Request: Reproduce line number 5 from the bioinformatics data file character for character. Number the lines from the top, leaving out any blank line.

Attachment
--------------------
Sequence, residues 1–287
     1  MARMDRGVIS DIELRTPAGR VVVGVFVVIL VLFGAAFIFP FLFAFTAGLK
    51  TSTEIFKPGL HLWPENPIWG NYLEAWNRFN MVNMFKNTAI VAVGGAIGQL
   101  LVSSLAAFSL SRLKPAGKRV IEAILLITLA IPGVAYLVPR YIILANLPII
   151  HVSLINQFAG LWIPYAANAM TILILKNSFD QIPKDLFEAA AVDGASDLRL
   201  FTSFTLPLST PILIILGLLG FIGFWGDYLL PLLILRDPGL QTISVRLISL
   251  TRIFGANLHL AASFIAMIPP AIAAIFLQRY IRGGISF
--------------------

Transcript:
   151  HVSLINQFAG LWIPYAANAM TILILKNSFD QIPKDLFEAA AVDGASDLRL